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Geek Exclusive: ‘Star Trek: Prodigy’ Creators Kevin & Dan Hageman On Keeping Canon, Recruiting Kate Mulgrew And Creating The First-Ever All-Alien Cast

Kevin and Dan Hageman, otherwise known as the Hageman brothers, are no strangers to making beloved animated movies and TV series. From The Lego Movie, Trollhunters to the Ninjago series, the brothers have left their animated signature across a variety of popular shows and are now on their biggest project yet, in a galaxy filled with human lessons, strange alien species and a starship that takes our protagonists on numerous adventures, with Star Trek: Prodigy

Having grown up on Star Trek, the creators wanted their series, which takes place after the events of Star Trek: Voyager, to pay homage to the original Star Trek shows and movies, as well as blockbuster movies and popular fantasy franchises that shaped their childhood. 

“The movies shaped us! We grew up on the Wrath of Khan, The Motion Picture, Search for Spock. They were so big and exciting, cinematic, and when you look at Wrath of Khan, the end is so emotional. I think that’s what lends to our storytelling,” said Kevin Hageman in an exclusive interview with Geek Culture. 

“We love, we grew up on the Spielberg movies of the 80s that were very emotional and fantastical and so I think you’ll see a lot of that DNA in our show compared to some of the others.” 

“To me, Star Trek is like Tolkien where there’s this great you know, spread over many different showrunners and many different writers telling a larger story, it’s a wonderful tapestry. That’s what I love most about our show – it seems like candy on the outside but the bigger you dig deep into it, like the science is true and we take a lot of respect in that,” added Dan Hageman. 

Star Trek: Prodigy follows a motley crew of young aliens who must figure out how to work together while navigating a greater galaxy, in search of a better future. These six young outcasts know nothing about the experimental U.S.S. Protostar ship they have commandeered – a first in the history of the Star Trek franchise – but over the course of their adventures together, they each get introduced to Starfleet and the ideals it represents. The series has plenty of Star Trek easter eggs, and even sees actress Kate Mulgrew, of Star Trek: Voyager fame, reprise her role as Captain Kathryn Janeway, except in hologram form this time. 

Kate Mulgrew as Captain Janeway in Star Trek: Voyager.

Hologram Janeway was something the creators had planned to have in the series right from the start and it made absolute sense for Mulgrew to reprise her role. The only fear was – would she? 

“Literally when it came to the concept, we’re like, it’s about kids outside Federation space. You don’t know anything about it, and they’re led by hologram Janeway. We felt like she was the perfect fit. But in terms of approaching her, I mean, we were intimidated. This is an iconic person, someone who if we didn’t have her, we weren’t sure how the show would work,” expressed Dan about inviting Mulgrew onto the Star Trek: Prodigy.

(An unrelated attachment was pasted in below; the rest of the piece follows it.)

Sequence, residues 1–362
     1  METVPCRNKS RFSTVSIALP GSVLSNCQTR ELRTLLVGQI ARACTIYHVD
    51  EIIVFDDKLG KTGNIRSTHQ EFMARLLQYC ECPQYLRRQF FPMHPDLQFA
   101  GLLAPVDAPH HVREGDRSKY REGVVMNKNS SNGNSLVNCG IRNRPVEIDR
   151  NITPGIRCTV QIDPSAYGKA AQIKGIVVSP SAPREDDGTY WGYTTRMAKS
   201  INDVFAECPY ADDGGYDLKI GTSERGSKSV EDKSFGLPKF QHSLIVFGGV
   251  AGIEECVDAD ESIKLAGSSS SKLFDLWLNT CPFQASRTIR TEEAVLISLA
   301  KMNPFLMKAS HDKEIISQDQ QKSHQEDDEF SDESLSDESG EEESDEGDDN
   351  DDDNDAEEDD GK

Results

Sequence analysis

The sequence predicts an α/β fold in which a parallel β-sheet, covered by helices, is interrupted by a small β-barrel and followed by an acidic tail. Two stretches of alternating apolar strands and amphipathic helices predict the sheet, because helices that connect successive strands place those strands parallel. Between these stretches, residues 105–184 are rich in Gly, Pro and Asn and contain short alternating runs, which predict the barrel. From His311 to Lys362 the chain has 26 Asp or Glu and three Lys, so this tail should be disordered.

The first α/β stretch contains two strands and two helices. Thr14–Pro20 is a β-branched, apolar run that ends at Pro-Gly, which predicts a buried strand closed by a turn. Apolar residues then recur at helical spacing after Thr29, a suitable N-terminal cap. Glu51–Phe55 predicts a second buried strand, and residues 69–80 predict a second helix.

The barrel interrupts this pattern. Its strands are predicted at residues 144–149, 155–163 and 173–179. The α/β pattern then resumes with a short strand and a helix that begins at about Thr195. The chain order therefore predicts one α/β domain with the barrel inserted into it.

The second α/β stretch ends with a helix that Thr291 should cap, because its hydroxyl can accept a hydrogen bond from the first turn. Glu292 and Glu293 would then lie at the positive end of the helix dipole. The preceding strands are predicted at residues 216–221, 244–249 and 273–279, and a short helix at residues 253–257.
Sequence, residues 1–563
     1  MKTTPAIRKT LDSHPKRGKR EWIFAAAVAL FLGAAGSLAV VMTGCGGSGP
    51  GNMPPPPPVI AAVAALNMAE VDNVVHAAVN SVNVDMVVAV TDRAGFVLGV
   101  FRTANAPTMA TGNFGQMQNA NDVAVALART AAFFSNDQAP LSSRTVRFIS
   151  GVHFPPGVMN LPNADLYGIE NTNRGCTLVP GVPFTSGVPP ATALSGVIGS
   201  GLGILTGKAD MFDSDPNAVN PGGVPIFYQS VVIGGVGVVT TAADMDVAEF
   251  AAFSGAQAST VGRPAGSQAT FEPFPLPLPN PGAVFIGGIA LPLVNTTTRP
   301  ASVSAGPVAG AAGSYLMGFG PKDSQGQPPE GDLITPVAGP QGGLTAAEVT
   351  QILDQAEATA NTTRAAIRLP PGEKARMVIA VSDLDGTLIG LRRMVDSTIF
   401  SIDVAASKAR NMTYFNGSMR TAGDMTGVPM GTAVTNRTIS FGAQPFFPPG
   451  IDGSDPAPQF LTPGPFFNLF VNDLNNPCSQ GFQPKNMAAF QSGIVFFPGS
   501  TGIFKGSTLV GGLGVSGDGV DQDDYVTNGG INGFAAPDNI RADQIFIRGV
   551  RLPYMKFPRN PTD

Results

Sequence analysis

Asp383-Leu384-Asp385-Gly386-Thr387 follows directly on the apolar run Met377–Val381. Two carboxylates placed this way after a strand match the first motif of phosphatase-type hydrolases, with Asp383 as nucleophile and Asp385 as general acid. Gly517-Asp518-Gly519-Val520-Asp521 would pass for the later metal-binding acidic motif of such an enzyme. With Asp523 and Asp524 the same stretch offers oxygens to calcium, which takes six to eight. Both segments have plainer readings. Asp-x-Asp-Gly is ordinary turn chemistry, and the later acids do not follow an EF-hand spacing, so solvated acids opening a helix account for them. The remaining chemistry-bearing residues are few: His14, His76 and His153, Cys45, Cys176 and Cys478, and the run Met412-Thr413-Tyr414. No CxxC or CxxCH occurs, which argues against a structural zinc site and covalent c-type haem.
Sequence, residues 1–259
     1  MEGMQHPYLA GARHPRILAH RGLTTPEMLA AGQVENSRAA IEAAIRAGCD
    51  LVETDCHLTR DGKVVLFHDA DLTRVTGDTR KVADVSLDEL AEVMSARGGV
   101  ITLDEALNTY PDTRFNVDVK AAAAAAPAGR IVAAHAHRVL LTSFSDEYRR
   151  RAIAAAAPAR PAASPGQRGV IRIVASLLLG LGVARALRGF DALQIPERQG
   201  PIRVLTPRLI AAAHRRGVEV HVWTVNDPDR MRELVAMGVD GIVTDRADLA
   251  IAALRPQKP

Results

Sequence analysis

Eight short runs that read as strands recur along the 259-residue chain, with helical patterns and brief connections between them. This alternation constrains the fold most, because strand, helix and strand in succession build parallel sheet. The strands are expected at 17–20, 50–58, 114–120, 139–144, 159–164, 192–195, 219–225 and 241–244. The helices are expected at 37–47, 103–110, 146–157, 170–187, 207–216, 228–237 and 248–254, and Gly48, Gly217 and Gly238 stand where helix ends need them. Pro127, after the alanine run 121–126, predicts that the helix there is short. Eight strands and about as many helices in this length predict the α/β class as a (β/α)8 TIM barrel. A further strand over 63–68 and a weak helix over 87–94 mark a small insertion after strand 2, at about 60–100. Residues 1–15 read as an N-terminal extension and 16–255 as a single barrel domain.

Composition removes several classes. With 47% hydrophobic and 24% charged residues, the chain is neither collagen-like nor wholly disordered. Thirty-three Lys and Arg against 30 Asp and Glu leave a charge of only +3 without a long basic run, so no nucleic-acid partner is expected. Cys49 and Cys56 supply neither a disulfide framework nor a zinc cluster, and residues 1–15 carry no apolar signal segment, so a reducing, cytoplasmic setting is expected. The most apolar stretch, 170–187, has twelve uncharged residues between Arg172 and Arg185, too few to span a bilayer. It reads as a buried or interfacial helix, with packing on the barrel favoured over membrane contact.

“There’s a lot of different cartoon animated shows out there right? So I imagine she might have been a little hesitant at first because we didn’t have anything to show. We didn’t have any artwork yet. It was just like, “Hey, we’re doing an animated Star Trek show,” and she’s like, “Okay, what does that mean?” added Kevin. 

“We never imagined doing this without her!” 

Aside from Mulgrew, Robert Beltran briefly reprised his role as Captain Chakotay too. Whilst it’s easy for long time fans to request for a Star Trek: Voyager reunion, creators Kevin and Dan would like the Prodigy story to progress naturally. Should characters from previous shows appear, it would do so organically. The creators expressed that they would love and are open to previous popular characters to pop up and appear, but it’s not their main focus. 

An example of which is seen in episode 6 of Prodigy, ‘Kobayashi’. The episode, as the title suggests, presents the famous no-win scenario, Kobayashi Maru test. It’s basically a scenario that cadets at Starfleet Academy are run through, to test their readiness for command. First introduced in Wrath of Khan, this marks the TV series debut of the iconic test and in that episode, numerous character cameos appear, including some legacy characters such as Spock and Odo. And choosing the cameos was certainly no easy task for our creators. 

“There was a discussion in the writers room,” said Dan before being interrupted by Kevin. 

“It was like, what would be your dream crew all coming together? It was hard. We first wanted to pay homage to you know, Leonard Nimoy and as some of our other legacy characters who might have passed we thought.” said Kevin. 

“We had written Rene (Auberjonois) who plays Odo into it and then he actually passed away and it created a fire in us, like we have to bring Odo back to the series,” interrupted Dan. 

“But it was really hard because there’s so many characters that we wished we could have put in but we had to pick only a few!” cut Kevin. 

It is so evident that the Hageman brothers are major fans of the franchise, so it was imminent that their ideas are brought to life – well technically, animation – by the best of the best. So in comes Ben Hibon.

Hibon is a Swiss animation director who serves as creative lead and producer in Star Trek: Prodigy. Hibon has worked on numerous projects such as Harry Potter and the Deathly Hallows Part 1, Sucker Punch: The Trenches, Mirror Mirror and more. Bringing Star Trek: Prodigy to life was both an interesting yet challenging process for the creative, who wanted the science-fiction fantastical aspect of Star Trek to match with all the other canon series and movies that came before it, but also keep it grounded in reality.